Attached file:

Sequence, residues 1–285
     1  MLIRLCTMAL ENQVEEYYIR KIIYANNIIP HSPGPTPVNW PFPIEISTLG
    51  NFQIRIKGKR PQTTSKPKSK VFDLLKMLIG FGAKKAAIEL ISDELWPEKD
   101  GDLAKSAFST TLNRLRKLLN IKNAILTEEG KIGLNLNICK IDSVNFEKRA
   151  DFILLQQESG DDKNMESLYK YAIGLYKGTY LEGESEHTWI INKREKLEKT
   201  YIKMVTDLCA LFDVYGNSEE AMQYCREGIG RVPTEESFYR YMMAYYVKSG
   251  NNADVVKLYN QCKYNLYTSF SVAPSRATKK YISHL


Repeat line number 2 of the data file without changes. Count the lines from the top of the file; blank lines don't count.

     1  MLIRLCTMAL ENQVEEYYIR KIIYANNIIP HSPGPTPVNW PFPIEISTLG